The renal outer medullary potassium channel (ROMK) is an ATP-dependent potassium channel (Kir1.1) that transports potassium out of cells. It plays an important role in potassium recycling in the thick ascending limb (TAL) and potassium secretion in the cortical collecting duct (CCD) of the nephron. In humans, ROMK is encoded by the KCNJ1 (potassium inwardly-rectifying channel, subfamily J, member 1) gene. Multiple transcript variants encoding different isoforms have been found for this gene.
Potassium channels are present in most mammalian cells, where they participate in a wide range of physiologic responses. The protein encoded by this gene is an integral membrane protein and inward-rectifier type potassium channel. It is inhibited by internal ATP and probably plays an important role in potassium homeostasis. The encoded protein has a greater tendency to allow potassium to flow into a cell rather than out of a cell (hence the term "inwardly rectifying"). ROMK was identified as the pore forming component of mitoKATP channels that are known to have a critical role during stroke or other ischemic attacks in the protection against hypoxia-induced brain injury.
Mutations in this gene have been associated with antenatal Bartter syndrome, which is characterized by salt wasting, hypokalemic alkalosis, hypercalciuria, and low blood pressure.
Role in hypokalemia and magnesium deficiency
ROMK channels are inhibited by magnesium in the nephron's normal physiologic state. In states of hypokalemia (a state of potassium deficiency), concurrent magnesium deficiency results in a state of hypokalemia that may be more difficult to correct with potassium replacement alone. This may be directly due to decreased inhibition of the outward potassium current in states where magnesium is low. Conversely, magnesium deficiency alone is not likely to cause a state of hypokalemia .
^Yano H, Philipson LH, Kugler JL, Tokuyama Y, Davis EM, Le Beau MM, Nelson DJ, Bell GI, Takeda J (May 1994). "Alternative splicing of human inwardly rectifying K+ channel ROMK1 mRNA". Molecular Pharmacology. 45 (5): 854–60. PMID8190102.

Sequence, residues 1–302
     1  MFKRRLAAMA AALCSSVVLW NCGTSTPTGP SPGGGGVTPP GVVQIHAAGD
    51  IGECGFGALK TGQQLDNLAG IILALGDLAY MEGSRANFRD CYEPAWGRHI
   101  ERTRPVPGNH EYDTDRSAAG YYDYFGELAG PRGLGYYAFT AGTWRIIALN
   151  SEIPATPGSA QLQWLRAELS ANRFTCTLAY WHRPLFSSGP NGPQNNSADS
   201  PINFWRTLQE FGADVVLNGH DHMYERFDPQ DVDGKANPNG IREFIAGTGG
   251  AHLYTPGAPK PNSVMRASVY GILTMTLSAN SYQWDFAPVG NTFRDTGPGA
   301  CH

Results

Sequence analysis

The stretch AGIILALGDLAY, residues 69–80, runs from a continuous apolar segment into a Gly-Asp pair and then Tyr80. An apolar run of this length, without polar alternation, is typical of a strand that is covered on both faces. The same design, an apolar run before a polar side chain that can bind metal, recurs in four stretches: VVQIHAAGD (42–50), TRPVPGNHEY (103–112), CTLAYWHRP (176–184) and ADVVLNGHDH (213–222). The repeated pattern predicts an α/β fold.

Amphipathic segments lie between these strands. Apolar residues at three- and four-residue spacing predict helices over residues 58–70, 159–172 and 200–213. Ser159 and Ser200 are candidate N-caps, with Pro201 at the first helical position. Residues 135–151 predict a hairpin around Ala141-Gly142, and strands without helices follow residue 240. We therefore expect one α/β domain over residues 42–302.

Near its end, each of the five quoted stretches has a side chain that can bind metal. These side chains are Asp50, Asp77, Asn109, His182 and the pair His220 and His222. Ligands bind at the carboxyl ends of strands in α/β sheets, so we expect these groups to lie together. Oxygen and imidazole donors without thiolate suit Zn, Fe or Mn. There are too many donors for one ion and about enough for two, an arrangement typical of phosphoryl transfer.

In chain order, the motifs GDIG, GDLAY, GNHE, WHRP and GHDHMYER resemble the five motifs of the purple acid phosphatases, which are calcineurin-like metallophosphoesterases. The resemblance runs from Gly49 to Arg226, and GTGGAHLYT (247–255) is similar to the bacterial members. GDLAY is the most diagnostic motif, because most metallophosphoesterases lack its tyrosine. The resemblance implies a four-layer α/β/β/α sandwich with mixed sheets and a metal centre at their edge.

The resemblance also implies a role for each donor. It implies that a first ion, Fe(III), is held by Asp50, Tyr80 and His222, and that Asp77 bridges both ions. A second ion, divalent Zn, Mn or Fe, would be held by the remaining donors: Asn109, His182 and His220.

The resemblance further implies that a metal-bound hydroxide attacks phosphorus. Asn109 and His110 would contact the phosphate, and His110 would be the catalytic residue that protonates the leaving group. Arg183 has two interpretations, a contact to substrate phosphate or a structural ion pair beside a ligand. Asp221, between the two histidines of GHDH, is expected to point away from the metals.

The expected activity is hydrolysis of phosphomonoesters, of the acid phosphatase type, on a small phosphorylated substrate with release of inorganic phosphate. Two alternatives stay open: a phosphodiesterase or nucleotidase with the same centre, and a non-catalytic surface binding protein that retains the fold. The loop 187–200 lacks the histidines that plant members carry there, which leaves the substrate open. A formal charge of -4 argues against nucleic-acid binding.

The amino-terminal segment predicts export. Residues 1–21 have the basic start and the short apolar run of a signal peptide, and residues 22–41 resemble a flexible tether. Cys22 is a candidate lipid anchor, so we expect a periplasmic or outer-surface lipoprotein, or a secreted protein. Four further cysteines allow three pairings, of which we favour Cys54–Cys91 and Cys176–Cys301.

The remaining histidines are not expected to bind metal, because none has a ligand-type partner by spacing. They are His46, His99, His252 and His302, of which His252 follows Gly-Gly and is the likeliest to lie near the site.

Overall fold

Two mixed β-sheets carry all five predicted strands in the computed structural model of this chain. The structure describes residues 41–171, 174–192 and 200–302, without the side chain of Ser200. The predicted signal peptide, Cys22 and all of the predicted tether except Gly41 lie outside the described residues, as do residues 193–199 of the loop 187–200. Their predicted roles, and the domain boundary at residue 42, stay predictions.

^Kubo Y, Adelman JP, Clapham DE, Jan LY, Karschin A, Kurachi Y, Lazdunski M, Nichols CG, Seino S, Vandenberg CA (December 2005). "International Union of Pharmacology. LIV. Nomenclature and molecular relationships of inwardly rectifying potassium channels". Pharmacological Reviews. 57 (4): 509–26. PMID16382105. doi:10.1124/pr.57.4.11.
Kubo Y, Adelman JP, Clapham DE, Jan LY, Karschin A, Kurachi Y, Lazdunski M, Nichols CG, Seino S, Vandenberg CA (December 2005). "International Union of Pharmacology. LIV. Nomenclature and molecular relationships of inwardly rectifying potassium channels". Pharmacological Reviews. 57 (4): 509–26. PMID16382105. doi:10.1124/pr.57.4.11.
Brochard K, Boyer O, Blanchard A, Loirat C, Niaudet P, Macher MA, Deschenes G, Bensman A, Decramer S, Cochat P, Morin D, Broux F, Caillez M, Guyot C, Novo R, Jeunemaître X, Vargas-Poussou R (May 2009). "Phenotype-genotype correlation in antenatal and neonatal variants of Bartter syndrome". Nephrology, Dialysis, Transplantation. 24 (5): 1455–64. PMID19096086. doi:10.1093/ndt/gfn689.
Nüsing RM, Pantalone F, Gröne HJ, Seyberth HW, Wegmann M (June 2005). "Expression of the potassium channel ROMK in adult and fetal human kidney". Histochemistry and Cell Biology. 123 (6): 553–9. PMID15895241. doi:10.1007/s00418-004-0742-5.
Nozu K, Fu XJ, Kaito H, Kanda K, Yokoyama N, Przybyslaw Krol R, Nakajima T, Kajiyama M, Iijima K, Matsuo M (August 2007). "A novel mutation in KCNJ1 in a Bartter syndrome case diagnosed as pseudohypoaldosteronism". Pediatric Nephrology. 22 (8): 1219–23. PMID17401586. doi:10.1007/s00467-007-0468-4.
Lin D, Kamsteeg EJ, Zhang Y, Jin Y, Sterling H, Yue P, Roos M, Duffield A, Spencer J, Caplan M, Wang WH (March 2008). "Expression of tetraspan protein CD63 activates protein-tyrosine kinase (PTK) and enhances the PTK-induced inhibition of ROMK channels". The Journal of Biological Chemistry. 283 (12): 7674–81. PMID18211905. doi:10.1074/jbc.M705574200.
Yoo D, Kim BY, Campo C, Nance L, King A, Maouyo D, Welling PA (June 2003). "Cell surface expression of the ROMK (Kir 1.1) channel is regulated by the aldosterone-induced kinase, SGK-1, and protein kinase A". The Journal of Biological Chemistry. 278 (25): 23066–75. PMID12684516. doi:10.1074/jbc.M212301200.
Yoo D, Flagg TP, Olsen O, Raghuram V, Foskett JK, Welling PA (February 2004). "Assembly and trafficking of a multiprotein ROMK (Kir 1.1) channel complex by PDZ interactions". The Journal of Biological Chemistry. 279 (8): 6863–73. PMID14604981. doi:10.1074/jbc.M311599200.
Tobin MD, Tomaszewski M, Braund PS, Hajat C, Raleigh SM, Palmer TM, Caulfield M, Burton PR, Samani NJ (June 2008). "Common variants in genes underlying monogenic hypertension and hypotension and blood pressure in the general population". Hypertension. 51 (6): 1658–64. PMID18443236. doi:10.1161/HYPERTENSIONAHA.108.112664.
Murthy M, Cope G, O'Shaughnessy KM (October 2008). "The acidic motif of WNK4 is crucial for its interaction with the K channel ROMK". Biochemical and Biophysical Research Communications. 375 (4): 651–4. PMID18755144. doi:10.1016/j.bbrc.2008.08.076.
Welling PA, Ho K (October 2009). "A comprehensive guide to the ROMK potassium channel: form and function in health and disease". American Journal of Physiology. Renal Physiology. 297 (4): F849–63. PMID19458126. doi:10.1152/ajprenal.00181.2009.